For MLK Day, A Tale Of Two Murders
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Like the fog in Carl Sandburg's insipid poem, Martin Luther King Day this year seems to have crept up on the nation on little cat feet. We have heard few of the usual neo-conservative slobberings over how they wish they could have marched with King in Selma, nor even many of the usual lamentations of King's now-decrepit comrades that nobody sufficiently appreciates their accomplishments.

Those noises may yet come, but the real reason we have not heard them so far may be that the festivities arrived a bit early this year, in the arrest of 79-year-old former Klansman Edgar Ray Killen for the 1964 murders of three civil rights workers in Mississippi.

The murders of course were notorious at the time and are immortalized by Hollywood in the 1988 anti-white film "Mississippi Burning," which manages to smear every white man and woman in the state (and by implication everywhere else) by virtually stating that whites are by nature genocidal.

It's therefore not too surprising that the media reaction to Mr. Killen's arrest has been one of almost universal gloating. To bust a 79-year-old white Southerner for racial murders is almost as much fun as deporting 80-year-old concentration camp guards to communist countries to stand trial for war crimes, and that amusement has worn thin in recent years. Concentration camp guards have the habit of dying natural deaths eventually, but there's an endless supply of white Southerners to put on trial closer to home.

But Mr. Killen wasn't the only unusual suspect to win the interest of the national press last week. The New York Times, after a large story about his arrest and the murders and a long interview with the surviving relatives of the victims, also found space to tell us all about another killer of the same era—one who long ago was tried and convicted and today even acknowledges his guilt. For some reason, he doesn't elicit quite the same reaction from the Times as Mr. Killen.

The case is that of Wilbert Rideau, who as a 19-year-old black man in 1961 robbed a bank in Lake Charles, Louisiana, kidnapped three white bank employees, and shot all of them near a bayou at the edge of town.

Two survived to tell the tale; the third, a woman, survived only briefly. Rideau polished her off by stabbing her in the heart and slitting her throat.

Like its report about Mr. Killen, the Times story about the Rideau case is full of woe—but not that of Rideau's white victims. Its sympathies are all for the killer himself.

"All-white, all-male juries" convicted Rideau of murder and sentenced him to death, and they did so three times. Appeals courts threw out the verdicts on the grounds of "misconduct by the government." We never hear too much about what that means, because the Times reporter, Adam Liptak, is too busy singing about Rideau's achievements ever since. [With Little Evidence, 4th Trial Opens in '61 Killing, By Adam Liptak, January 11, 2005]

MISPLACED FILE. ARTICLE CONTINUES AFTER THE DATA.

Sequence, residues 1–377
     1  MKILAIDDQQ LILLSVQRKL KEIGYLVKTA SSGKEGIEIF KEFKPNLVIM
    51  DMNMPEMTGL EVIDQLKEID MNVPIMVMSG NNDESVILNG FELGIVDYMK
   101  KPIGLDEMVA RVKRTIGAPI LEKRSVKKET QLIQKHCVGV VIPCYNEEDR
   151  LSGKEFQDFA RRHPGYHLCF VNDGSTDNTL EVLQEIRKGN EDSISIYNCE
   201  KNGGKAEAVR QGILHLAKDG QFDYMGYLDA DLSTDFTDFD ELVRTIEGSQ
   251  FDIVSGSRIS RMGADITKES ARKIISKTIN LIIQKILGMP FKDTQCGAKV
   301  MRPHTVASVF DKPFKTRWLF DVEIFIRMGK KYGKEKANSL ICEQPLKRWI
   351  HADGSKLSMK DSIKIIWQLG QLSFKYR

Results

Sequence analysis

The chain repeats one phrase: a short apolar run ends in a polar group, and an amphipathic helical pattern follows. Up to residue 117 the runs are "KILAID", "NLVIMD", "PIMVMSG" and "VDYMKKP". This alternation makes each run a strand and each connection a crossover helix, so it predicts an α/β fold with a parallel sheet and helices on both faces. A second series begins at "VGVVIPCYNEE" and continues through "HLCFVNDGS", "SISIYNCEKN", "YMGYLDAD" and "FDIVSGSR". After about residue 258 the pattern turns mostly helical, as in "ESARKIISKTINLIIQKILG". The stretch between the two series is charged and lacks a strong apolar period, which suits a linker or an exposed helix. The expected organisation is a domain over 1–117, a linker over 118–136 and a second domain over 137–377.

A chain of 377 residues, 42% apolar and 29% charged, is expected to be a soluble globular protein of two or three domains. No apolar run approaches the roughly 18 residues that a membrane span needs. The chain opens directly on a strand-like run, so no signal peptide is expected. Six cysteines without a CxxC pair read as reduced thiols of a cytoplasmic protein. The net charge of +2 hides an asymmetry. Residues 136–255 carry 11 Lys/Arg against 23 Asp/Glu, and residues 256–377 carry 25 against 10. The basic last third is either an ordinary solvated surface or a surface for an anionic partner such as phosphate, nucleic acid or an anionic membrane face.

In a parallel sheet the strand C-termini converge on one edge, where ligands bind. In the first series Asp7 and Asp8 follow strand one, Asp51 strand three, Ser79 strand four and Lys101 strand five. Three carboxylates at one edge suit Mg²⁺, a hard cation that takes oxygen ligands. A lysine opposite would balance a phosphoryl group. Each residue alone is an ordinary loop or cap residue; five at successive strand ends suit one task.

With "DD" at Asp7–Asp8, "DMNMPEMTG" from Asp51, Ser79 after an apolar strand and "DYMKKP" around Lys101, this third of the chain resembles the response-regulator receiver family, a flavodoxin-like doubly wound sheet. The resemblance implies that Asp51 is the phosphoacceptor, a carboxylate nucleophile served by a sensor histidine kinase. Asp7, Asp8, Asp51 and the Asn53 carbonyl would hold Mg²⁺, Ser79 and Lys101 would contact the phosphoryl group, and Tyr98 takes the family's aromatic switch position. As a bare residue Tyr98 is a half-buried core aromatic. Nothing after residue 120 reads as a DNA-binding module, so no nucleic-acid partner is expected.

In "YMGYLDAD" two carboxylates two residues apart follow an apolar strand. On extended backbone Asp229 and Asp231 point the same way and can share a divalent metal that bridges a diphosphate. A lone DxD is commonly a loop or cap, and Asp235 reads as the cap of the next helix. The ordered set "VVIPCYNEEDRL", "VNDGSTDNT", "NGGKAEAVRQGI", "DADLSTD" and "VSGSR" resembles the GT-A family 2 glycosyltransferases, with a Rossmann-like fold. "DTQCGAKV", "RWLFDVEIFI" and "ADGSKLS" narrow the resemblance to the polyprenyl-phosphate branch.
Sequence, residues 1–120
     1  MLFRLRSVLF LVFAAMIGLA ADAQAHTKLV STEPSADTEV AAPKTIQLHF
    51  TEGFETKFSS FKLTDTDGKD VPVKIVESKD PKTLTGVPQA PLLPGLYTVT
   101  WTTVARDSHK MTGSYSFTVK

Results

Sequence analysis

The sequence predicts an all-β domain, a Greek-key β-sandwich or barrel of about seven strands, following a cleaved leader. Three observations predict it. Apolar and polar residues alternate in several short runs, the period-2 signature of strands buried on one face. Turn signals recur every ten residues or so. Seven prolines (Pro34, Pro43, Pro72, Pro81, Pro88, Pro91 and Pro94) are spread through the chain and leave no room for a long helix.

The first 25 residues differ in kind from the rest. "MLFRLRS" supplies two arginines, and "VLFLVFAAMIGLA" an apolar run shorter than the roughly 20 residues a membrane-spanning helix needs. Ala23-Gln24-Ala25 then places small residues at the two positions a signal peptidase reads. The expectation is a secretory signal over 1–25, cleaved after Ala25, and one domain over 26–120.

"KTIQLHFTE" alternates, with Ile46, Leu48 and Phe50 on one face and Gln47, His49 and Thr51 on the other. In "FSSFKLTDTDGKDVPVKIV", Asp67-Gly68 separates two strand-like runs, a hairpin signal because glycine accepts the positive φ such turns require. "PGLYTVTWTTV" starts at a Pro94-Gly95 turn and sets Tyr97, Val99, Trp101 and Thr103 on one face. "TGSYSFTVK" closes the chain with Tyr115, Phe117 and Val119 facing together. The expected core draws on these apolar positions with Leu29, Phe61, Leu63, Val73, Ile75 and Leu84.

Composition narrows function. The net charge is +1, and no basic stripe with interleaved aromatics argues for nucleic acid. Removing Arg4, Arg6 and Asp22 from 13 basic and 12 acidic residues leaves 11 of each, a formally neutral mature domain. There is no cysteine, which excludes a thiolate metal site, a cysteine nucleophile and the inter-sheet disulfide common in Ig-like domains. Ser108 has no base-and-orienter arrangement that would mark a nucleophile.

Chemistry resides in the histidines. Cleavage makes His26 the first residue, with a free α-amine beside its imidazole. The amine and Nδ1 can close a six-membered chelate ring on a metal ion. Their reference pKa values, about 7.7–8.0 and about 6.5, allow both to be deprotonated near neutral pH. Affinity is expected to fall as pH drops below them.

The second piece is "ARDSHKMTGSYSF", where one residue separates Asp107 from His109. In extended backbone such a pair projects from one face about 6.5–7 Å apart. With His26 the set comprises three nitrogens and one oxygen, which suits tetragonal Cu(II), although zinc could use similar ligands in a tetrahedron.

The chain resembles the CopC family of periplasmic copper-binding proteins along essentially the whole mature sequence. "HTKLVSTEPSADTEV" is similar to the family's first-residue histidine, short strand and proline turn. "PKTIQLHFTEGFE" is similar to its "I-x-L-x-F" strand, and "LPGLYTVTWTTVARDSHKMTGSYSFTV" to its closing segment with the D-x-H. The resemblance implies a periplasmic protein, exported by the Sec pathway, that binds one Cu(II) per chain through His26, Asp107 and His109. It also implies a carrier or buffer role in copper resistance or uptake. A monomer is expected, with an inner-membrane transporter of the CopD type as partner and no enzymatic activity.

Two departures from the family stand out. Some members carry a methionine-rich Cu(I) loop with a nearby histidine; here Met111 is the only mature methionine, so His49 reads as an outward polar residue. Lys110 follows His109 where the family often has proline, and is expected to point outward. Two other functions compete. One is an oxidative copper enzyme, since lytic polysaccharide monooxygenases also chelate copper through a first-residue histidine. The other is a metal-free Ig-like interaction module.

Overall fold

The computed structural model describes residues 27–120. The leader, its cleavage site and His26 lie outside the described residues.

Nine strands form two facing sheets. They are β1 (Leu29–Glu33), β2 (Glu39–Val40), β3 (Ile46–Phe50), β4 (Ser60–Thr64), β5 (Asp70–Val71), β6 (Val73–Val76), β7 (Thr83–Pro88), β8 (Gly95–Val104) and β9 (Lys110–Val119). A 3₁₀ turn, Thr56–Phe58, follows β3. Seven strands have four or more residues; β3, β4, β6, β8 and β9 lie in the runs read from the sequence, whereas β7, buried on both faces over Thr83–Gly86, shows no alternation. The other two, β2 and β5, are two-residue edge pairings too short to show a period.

Prosecutors in Louisiana "are trying once again to obtain a conviction that will stick," he writes, and that may be hard, in part because Rideau has been so "transformed." (As it turned out it was too hard. A mixed race jury this week found him guilty of mere manslaughter, allowing him to go free after serving more than the maximum sentence for that crime.) "He has, from prison, become an acclaimed journalist and documentary filmmaker," but, well, it's Louisiana, you see, and we know what that means.

"The community's rage lives on in this racially divided oil and gambling town near the Texas border," and no doubt it's all those white people, the kind Mississippi Burning warned us about, who keep nice fellows like Rideau in prison.  "It's ferocious, the way we hold on to this episode," grumbled the Rev. J. L. Franklin, a black pastor who is monitoring the case.

Right, you'd think after 43 years, people would forget a white person being kidnapped, driven to the edge of town, shot and having her throat cut. But it's those white folks, so full of hate and ignorance, just like over in Mississippi, where they're probably mad about the prosecution of Mr. Killen after only 41 years.

"Little evidence endures" in the Rideau case, Mr. Liptak informs us, which only adds to the problems of yet another trial. It's not very clear how much evidence endures in the Killen case either, but that wasn't quite the point the Times wanted to make, was it?

The Times' transparent double standard, its lip-smacking glee over the arrest of the white man in Mississippi and its weepy apologies for the black killer in Louisiana, tell us what the real point is.

What Mr. Killen is supposed to have done was not only murder but also an act of political and racial resistance, and that sort of thing has to be stomped on, regardless of how little evidence remains after 41 years.

As for a forgotten white woman in Louisiana who had her throat cut—who cares?


Sam Francis [email him] is a nationally syndicated columnist. A selection of his columns, America Extinguished: Mass Immigration And The Disintegration Of American Culture, is now available from Americans For Immigration Control. Click here for Sam Francis' website. Click here to order his monograph, Ethnopolitics: Immigration, Race, and the American Political Future.

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